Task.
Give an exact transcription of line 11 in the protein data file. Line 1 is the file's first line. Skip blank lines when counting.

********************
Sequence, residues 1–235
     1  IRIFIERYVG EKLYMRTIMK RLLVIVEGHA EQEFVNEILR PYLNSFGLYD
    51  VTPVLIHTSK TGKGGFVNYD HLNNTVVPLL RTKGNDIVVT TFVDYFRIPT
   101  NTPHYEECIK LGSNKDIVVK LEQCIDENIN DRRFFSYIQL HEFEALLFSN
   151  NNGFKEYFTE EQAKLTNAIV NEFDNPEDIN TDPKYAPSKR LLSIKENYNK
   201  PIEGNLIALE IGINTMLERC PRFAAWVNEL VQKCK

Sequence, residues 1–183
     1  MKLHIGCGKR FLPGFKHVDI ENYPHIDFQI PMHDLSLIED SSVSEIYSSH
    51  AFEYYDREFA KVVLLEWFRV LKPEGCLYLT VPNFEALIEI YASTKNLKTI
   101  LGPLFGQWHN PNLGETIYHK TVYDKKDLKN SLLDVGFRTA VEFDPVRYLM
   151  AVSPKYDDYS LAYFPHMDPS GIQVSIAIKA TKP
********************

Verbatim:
   151  AVSPKYDDYS LAYFPHMDPS GIQVSIAIKA TKP